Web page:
MORGANTOWN - Dr. James Clements' resignation as West Virginia University's 23rd president for the same position at Clemson raises some serious questions about how this might affect Athletic Director Oliver Luck and/or the school's ailing sports program.
For starters, some people are wondering whether Clements is going to take Luck with him to Clemson, S.C., as his A.D., just as he brought the former Mountaineer quarterback back here in 2010? Clements reportedly even took a trip to Houston, Texas, in a last-ditch effort urging Luck to join him at the university.
The two men obviously had become close friends earlier. You may recall that Luck and a member of the WVU Board of Governors helped in the selection of Clements five years ago. He came to WVU from Towson (Md.) University, where Clements filled roles as provost and vice president for academic affairs.
Meanwhile, Texas writers and broadcasters were saying for weeks that Oliver Luck was generally considered to be the front-runner for the athletic director's $1 million job at the University of Texas. But all of a sudden last week those sources said Luck had been removed from consideration for that position. According to reports, Texas' Board of Regents had a change of heart.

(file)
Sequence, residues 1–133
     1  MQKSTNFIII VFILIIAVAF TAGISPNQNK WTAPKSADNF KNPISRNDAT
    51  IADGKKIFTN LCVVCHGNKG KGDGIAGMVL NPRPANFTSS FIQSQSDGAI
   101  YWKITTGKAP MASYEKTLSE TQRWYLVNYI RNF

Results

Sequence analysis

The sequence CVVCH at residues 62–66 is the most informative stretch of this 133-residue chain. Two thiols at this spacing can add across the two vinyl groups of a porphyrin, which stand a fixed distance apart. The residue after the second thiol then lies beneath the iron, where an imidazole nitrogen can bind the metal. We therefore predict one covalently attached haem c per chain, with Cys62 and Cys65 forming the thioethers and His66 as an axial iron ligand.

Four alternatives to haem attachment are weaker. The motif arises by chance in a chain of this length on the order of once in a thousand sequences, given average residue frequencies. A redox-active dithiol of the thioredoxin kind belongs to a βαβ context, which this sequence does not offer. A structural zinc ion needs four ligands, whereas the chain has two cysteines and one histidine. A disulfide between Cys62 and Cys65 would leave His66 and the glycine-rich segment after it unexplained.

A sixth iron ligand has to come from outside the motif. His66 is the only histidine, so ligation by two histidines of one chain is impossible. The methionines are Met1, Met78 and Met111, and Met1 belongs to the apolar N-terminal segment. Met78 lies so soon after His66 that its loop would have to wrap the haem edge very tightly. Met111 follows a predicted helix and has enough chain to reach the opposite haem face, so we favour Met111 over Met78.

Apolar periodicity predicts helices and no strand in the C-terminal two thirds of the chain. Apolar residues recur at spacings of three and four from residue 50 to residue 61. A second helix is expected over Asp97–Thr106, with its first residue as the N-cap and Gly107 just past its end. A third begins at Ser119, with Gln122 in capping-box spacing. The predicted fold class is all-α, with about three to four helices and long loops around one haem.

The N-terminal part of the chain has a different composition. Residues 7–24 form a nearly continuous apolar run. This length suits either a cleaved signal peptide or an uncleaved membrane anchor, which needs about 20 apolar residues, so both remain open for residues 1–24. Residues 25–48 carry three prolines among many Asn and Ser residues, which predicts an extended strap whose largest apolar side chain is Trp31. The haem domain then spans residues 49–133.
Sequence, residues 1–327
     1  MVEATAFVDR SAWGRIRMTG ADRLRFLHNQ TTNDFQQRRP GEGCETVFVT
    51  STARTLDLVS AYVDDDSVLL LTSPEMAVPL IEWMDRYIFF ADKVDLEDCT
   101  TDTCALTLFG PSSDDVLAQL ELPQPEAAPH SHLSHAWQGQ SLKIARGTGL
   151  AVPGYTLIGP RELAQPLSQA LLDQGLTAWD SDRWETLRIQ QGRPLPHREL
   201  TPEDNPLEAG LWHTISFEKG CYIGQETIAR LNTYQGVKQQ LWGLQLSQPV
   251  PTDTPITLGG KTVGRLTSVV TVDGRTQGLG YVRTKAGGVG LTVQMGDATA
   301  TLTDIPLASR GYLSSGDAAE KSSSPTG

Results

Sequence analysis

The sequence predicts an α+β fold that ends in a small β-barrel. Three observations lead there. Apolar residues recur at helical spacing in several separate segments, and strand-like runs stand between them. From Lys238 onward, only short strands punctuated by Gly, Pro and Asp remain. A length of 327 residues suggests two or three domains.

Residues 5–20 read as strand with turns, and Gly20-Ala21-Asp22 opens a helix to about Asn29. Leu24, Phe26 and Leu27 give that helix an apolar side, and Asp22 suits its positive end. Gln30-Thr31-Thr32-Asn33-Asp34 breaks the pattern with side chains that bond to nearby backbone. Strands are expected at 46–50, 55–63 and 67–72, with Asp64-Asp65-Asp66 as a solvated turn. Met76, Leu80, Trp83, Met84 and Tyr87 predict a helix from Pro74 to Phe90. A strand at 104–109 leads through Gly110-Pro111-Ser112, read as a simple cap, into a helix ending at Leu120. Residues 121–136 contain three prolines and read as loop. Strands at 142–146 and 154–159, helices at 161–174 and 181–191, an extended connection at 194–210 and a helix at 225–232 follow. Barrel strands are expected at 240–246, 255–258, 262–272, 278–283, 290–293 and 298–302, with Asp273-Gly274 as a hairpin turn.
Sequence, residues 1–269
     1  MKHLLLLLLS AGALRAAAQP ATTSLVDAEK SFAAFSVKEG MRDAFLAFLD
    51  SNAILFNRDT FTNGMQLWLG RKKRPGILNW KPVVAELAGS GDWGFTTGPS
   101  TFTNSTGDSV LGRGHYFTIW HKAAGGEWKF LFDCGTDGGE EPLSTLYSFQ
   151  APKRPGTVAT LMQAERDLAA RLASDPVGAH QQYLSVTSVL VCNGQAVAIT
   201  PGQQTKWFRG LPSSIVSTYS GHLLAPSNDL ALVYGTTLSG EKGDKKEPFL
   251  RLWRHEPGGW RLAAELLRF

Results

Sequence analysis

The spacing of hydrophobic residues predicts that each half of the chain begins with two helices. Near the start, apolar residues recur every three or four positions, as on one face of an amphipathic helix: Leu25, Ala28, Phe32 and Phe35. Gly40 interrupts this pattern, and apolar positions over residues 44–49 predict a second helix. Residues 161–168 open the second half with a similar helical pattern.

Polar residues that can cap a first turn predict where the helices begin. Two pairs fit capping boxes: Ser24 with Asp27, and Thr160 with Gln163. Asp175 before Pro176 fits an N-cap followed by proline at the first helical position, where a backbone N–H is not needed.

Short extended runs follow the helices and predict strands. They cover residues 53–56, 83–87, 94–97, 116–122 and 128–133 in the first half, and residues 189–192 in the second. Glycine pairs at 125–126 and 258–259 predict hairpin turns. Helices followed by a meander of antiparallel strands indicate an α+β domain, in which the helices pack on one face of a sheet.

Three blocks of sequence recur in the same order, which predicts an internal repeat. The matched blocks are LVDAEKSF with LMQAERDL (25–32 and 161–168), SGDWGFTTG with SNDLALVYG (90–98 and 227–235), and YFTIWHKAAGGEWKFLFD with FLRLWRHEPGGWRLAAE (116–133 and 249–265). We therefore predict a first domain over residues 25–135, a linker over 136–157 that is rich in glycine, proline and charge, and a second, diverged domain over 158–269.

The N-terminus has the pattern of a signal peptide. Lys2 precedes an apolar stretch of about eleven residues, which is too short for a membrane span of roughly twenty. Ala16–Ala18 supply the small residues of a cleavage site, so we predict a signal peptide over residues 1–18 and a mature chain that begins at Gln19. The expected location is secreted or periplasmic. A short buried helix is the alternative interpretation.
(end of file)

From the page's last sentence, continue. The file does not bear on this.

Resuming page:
Luck, who had seemingly not said anything publically during all that drawn-out speculation, has a law degree from Texas.
Regular readers of this column may recall that I inquired of Drew Payne, then chairman of the university's Board of Governors, why his panel hadn't controlled the then-wild spending of intercollegiate athletics at that time.
His reply a year or so ago:
Payne explained the board had voted unanimously in favor of allowing the president and athletic director full freedom to spend as much as they needed to benefit WVU.
Well, there are those people-including some big donors and graduates-who really felt that it was not wise to spend $20 million to get out of the Big East Conference hastily, and join the Big 12 Conference.
I happen to be a WVU alumnus who agrees with them. In doing that, the powers-that-be deprived nearly all the university's students of following their football, basketball and other teams on the longer-than-before trips for road games.
It's also considerably more expensive for the athletic department; which seemingly has become too much of a big, big, business. And it's hitting WVU fans' pocketbooks, isn't it?
I know people who don't think that's beneficial to academia. There are others who believe it is beneficial in the long run. Do you?
West Virginia tried to become a member of the Atlantic Coast Conference when it was formed, way back there in 1953-54. Both the lack of modern-day highways and adequate airplane service into Morgantown was cited as the major reason WVU couldn't be accepted into the ACC.
More rejections reportedly followed since then over the years for various reasons whatsoever.
Were there an opportunity for WVU to return to a conference somewhat Eastward, I'm told it would cost $50 million to exit the Big 12.
Did anyone at WVU give any thought to that under the departing president's watch?
In my opinion, numerous other WVU questions athletically need to be answered eventually.